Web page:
Book Review: And The Bride And The Closed Door

By Jodi Truglio — September 02, 2020

And The Bride And The Closed Door

Written By: Ronit Matalon 

Translated By: Jessica Cohen 

And the Bride Closed the Door  is a wedding day story that borders itself on being dark times, while also being funny at the most least expected moments.

Written by Israeli author Ronit Matalon, who sadly passed away from cancer the day before she was awarded Israel’s prestigious Brenner Prize.

The story takes place in Tel Aviv, entirely in and around the family house, with a small cast of characters with interesting back stories.

Margie and Matti are scheduled to get married with five hundred people expected in the wedding hall, but the day of the wedding Margie barricades herself in her bedroom and announces “Not getting married.”

And refuses to speak to anyone.  While outside the door stands a comically dysfunctional group of family members, that include Matti and his parents along with Margie’s mom, Nadia, her cousin, Ilan, and her grandmother.

All trying to reassure Matti it is just wedding day jitters and she will come to her senses.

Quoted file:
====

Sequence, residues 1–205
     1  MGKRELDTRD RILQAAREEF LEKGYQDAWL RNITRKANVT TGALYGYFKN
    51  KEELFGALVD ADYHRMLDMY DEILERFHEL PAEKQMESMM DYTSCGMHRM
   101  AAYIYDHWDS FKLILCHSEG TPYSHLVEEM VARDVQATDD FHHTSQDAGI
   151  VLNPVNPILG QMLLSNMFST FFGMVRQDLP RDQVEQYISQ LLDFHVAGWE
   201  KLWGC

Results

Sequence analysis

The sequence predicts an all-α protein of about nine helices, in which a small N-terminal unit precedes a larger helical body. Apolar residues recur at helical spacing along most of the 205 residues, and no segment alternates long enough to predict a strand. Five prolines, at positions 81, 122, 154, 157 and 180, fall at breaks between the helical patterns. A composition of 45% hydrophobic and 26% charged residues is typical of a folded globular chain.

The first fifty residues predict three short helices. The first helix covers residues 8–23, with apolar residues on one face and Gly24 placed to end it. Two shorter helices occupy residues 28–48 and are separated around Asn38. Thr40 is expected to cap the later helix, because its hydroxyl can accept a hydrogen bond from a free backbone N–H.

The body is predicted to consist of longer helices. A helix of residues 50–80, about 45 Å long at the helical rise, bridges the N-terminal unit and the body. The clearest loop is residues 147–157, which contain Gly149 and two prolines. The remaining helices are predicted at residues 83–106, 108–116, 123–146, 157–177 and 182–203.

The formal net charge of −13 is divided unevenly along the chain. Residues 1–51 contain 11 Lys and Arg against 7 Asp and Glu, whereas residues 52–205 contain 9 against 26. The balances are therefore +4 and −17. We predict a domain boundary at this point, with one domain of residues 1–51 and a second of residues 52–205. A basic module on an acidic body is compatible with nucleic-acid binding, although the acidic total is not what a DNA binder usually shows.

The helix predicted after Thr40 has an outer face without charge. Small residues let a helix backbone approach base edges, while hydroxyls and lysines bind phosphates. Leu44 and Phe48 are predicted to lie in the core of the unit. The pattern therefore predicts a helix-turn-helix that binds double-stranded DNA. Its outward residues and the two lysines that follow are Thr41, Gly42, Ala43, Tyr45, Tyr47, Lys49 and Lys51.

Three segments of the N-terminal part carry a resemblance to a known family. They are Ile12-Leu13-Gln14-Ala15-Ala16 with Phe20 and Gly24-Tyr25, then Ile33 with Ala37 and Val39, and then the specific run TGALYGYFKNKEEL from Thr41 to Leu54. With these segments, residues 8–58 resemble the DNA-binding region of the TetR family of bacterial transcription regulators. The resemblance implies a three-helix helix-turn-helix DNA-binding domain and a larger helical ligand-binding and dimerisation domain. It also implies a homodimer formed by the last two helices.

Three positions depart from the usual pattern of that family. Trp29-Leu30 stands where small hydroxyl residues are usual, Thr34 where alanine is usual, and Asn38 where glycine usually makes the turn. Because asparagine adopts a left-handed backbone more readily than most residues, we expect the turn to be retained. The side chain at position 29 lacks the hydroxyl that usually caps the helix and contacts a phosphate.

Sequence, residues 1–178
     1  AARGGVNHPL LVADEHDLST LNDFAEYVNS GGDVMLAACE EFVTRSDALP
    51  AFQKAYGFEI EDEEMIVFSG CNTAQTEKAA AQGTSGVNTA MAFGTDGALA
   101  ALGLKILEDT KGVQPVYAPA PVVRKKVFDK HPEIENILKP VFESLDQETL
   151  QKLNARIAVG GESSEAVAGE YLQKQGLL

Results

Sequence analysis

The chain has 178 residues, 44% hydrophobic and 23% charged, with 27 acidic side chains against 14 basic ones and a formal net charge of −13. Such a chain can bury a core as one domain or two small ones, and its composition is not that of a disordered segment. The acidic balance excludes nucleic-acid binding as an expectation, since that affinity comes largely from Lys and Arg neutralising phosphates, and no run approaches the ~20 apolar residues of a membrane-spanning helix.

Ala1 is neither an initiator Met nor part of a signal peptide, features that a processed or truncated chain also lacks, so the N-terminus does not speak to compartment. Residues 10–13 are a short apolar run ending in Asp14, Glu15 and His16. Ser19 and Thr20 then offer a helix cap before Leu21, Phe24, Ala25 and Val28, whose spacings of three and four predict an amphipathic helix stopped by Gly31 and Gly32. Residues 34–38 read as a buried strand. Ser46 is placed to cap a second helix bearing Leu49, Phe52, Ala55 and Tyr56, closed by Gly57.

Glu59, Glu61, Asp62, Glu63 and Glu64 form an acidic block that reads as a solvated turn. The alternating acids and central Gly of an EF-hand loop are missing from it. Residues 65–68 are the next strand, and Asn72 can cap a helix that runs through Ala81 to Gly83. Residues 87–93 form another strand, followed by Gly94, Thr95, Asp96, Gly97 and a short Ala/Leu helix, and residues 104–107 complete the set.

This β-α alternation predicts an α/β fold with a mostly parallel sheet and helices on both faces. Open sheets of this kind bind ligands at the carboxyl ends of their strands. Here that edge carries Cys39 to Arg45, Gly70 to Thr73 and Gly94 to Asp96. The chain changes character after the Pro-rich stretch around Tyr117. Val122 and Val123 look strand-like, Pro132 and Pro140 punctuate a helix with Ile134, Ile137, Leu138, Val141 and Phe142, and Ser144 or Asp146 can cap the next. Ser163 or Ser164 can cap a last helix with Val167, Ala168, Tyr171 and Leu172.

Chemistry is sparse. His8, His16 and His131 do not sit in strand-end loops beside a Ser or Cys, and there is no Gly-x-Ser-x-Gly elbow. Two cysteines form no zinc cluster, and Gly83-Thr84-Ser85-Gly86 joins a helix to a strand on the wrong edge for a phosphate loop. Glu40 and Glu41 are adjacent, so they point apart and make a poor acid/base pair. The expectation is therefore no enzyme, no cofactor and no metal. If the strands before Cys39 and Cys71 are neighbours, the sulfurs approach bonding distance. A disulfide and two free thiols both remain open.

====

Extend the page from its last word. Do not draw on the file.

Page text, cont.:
During the course of the story we start to learn about various family members and we see Margie and Matti’s story unfold through his eyes and the range of emotions he feels while family members threaten and panic as Margie behind the closed door.

One of the more comical elements of the story is when they ultimately decide to summon a psychologist from a 24/7 emergency service called “Regretful Brides”, when Margie still refuses to speak, Matti’s family takes matters into their own hands by getting a Palestinian Authority electrical company ladder truck to lift the psychologist to Margie’s window.

Some of the more somber memorable elements of the story is when it is revealed toward the end of the novel that Margie had a sister named Natalie that disappeared. 

Her mother Nadia, buys a different piece of candy everyday from the corner store and waits until night for her daughter to come home and then hides the candy in a linen box under her bed. At the end of every month her mother puts the candy in bags next to the trash. This is one of the more underdeveloped story lines which shows Margie’s mother hasn’t come to terms that her daughter isn’t coming back. The candy represents her clinging to hope that she will. 

In the end the novel has strong themes of Feminism, tradition, family and at the heart of it all disfunction love. 


Courtesy Image: New Vessel Press

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